02 Nov 2017
I, like every other father in the world, have a perfect daughter. My four-year-old princess is the only girl among four children. In theory, I know that my “perfect” daughter is a sinner. In reality, I actually believe that somehow she miraculously dodged the infection of original sin. At least, that’s the best rationalization I have in the fantasy-based, biased view I have of “daddy’s special girl.” Given her long, Shirley Temple curls, radiant smile, and warm personality, can you blame me?
This sentimental conception of my precious daughter works fine now as she currently emerges into “big girl” phase from toddlerhood. However, this naiveté will present major problems for her if I cling to it as she starts to enter school.
In my years of youth ministry, I have watched parents struggle to accept the realities about their maturing children. It’s hard. It’s sad. It’s a source of grief. We mourn our babies growing up and progressing toward adulthood. But here’s the truth: children do not remain babies forever.
I often have observed parents resisting this struggle in conversations about pornography and Internet protections. I tell all parents in all talks about technology in our church that they need an Internet reporting device on any screen to which their child has access. Just checking the Internet history is insufficient as 70% of kids admit to erasing history or concealing online activity from parents.¹
More times than I can count, I have suggested to parents of middle school boys that they install a filter and reporting device on their children’s phone and tablet. Too often, I have watched in amazement as parents suggest that their 14 or 15-year-old boy isn’t interested in things like that yet. He’s still so young.
I understand the struggle. I do not want to admit that my precious angel ever could have an interest in pornography. I can hardly imagine the thought of her receiving a sext solicitation from some teenage punk—and caving to the pressure. However, two sources tell me that I should not be so foolish.
If you have a boy, I promise you, that boy really wants to look at pornography. Porn is an incredibly powerful temptation for your son. Statistics suggest that your daughter has enough of a temptation to look at pornography that the risk warrants protecting her.
First, statistics tell us that the rate of teens accessing inappropriate material online is rampant. In the United States, 93% of boys and 62% of girls have looked at pornographic videos online before the age of 18.² And 54% of young people ages 18-22 admitted that they engaged in sexting while they were minors.³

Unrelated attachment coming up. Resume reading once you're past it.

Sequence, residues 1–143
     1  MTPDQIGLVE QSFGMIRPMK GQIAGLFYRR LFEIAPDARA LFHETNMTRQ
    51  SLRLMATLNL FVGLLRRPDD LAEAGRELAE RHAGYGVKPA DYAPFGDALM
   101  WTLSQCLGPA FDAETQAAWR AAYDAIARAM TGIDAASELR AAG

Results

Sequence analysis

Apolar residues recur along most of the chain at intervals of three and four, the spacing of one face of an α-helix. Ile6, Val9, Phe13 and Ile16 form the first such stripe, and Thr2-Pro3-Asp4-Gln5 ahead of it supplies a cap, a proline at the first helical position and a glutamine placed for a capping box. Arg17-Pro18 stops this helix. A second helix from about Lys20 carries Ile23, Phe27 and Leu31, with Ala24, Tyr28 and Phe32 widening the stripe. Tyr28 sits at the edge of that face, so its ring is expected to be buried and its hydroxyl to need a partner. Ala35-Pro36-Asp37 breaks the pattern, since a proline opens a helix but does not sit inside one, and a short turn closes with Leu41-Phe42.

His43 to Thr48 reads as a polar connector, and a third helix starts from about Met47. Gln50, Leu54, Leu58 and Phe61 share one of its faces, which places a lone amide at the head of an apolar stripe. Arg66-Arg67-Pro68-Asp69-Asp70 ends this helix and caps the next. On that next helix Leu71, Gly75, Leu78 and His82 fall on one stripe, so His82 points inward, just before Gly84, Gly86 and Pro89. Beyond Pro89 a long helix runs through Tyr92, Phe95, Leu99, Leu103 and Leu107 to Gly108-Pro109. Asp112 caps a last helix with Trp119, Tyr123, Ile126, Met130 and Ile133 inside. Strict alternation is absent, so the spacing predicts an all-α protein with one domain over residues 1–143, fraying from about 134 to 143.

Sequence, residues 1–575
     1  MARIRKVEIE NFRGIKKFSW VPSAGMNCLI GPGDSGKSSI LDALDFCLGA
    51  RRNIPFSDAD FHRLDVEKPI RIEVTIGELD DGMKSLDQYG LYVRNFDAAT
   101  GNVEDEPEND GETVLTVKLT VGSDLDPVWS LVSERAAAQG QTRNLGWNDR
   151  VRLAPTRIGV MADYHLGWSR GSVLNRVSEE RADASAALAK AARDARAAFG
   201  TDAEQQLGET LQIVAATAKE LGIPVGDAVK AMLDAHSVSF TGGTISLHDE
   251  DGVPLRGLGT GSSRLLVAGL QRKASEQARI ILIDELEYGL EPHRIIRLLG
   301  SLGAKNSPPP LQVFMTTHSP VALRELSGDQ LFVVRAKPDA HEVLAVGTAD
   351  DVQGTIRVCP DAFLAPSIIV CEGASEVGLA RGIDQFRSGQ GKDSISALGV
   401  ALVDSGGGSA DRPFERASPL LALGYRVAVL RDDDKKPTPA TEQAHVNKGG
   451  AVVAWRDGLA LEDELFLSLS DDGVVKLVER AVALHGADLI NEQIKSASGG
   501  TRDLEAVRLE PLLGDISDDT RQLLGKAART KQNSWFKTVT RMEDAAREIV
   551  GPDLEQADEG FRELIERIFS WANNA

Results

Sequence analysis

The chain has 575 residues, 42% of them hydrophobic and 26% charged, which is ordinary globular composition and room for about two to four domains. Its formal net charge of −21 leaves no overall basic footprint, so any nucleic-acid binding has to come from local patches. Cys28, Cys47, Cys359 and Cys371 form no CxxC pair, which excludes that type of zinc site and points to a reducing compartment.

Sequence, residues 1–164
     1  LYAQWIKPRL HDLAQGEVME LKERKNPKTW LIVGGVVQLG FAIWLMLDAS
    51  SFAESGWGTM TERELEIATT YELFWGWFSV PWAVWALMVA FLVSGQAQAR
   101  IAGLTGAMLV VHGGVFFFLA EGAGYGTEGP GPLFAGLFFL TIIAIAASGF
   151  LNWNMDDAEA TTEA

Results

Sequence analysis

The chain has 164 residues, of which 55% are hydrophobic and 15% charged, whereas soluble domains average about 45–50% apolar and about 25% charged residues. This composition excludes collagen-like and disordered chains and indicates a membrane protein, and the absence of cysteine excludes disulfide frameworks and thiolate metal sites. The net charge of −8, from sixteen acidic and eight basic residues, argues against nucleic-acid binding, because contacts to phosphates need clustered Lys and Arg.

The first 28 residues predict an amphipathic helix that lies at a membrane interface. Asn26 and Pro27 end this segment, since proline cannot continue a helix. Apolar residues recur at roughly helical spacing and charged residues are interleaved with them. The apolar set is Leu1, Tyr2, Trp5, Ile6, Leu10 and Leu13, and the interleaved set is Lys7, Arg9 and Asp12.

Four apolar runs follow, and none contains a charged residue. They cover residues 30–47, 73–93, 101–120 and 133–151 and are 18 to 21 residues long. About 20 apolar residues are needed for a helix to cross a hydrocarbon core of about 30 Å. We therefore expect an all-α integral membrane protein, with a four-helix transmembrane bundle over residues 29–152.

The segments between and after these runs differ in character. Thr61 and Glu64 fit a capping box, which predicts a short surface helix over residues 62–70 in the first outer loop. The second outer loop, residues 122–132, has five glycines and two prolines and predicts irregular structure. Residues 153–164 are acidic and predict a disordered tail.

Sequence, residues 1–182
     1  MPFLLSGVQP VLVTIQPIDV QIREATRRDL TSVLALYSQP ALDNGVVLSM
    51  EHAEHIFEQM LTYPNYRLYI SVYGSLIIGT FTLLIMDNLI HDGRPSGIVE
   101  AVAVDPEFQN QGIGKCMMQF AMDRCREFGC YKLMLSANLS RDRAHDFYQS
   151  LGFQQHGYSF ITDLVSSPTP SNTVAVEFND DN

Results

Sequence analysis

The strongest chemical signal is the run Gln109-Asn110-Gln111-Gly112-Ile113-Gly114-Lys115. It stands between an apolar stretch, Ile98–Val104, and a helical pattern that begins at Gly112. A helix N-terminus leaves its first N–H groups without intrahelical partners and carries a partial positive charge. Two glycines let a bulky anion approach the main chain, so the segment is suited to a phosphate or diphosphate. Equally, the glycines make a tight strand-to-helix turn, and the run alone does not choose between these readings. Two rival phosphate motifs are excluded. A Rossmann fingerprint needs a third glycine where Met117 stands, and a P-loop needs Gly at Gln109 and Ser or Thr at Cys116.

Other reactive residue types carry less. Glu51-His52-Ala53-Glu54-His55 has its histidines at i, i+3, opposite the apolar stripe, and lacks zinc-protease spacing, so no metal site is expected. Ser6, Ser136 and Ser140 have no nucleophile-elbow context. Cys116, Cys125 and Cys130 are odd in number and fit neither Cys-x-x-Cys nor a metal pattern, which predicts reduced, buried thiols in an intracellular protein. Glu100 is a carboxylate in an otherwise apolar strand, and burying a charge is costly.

The second (and more reliable) source, which warns of the risks and temptations of teenagers, is Scripture. The Bible does not paint a pretty picture of the human condition. Jesus said that “people loved the darkness rather than the light because their works were evil” (John 3:19). Not “people have a mild attraction to” or “people stumble from time to time,” but people love darkness.
James writes that temptation is not simply evil wooing us from the outside. He said, “Each person is tempted when he is lured and enticed by his own desire (James 1:14, emphasis mine). Our sinful nature wants to be tempted because it is inherently attracted to darkness. He does not say that the flesh tempts some people but that it tempts “each” and, thereby, every person.
Here’s what I am saying about your child’s inherent sinfulness as it relates to sexual sin and technology. If you have a boy, I promise you, that boy really wants to look at pornography. Porn is an incredibly powerful temptation for your son. Statistics suggest that your daughter has enough of a temptation to look at pornography that the risk warrants protecting her.
As challenging as accepting this reality may be, your children—like my children—have not escaped the effects of the fall. They have a natural affinity to sin sexually. Of course, your child needs you to be their champion and cheerleader who believes the best in them. Simultaneously, your child also needs you to be the responsible adult who realizes that his or her sinful flesh can lead them into very damaging places if they are not protected. If parents cannot accept their child’s inherent sinfulness and take action, then they will endanger their child.
Jesus said “If your right eye causes you to sin, gouge it out and throw it away. It is better for you to lose one part of your body than for your whole body to be thrown into hell” (Matthew 5:29). He exercises hyperbole here in telling people to exercise whatever means possible to distance themselves from temptation and sin.
While Christ’s words here pertain to our own sanctification, this principle can be extrapolated to parenting, as well. Technology opens doors to sexual sin for your child—so close them. Install a filter/monitoring system on every device and apply parental controls.
Parents, I plead with you, do not be naïve. Protect your child.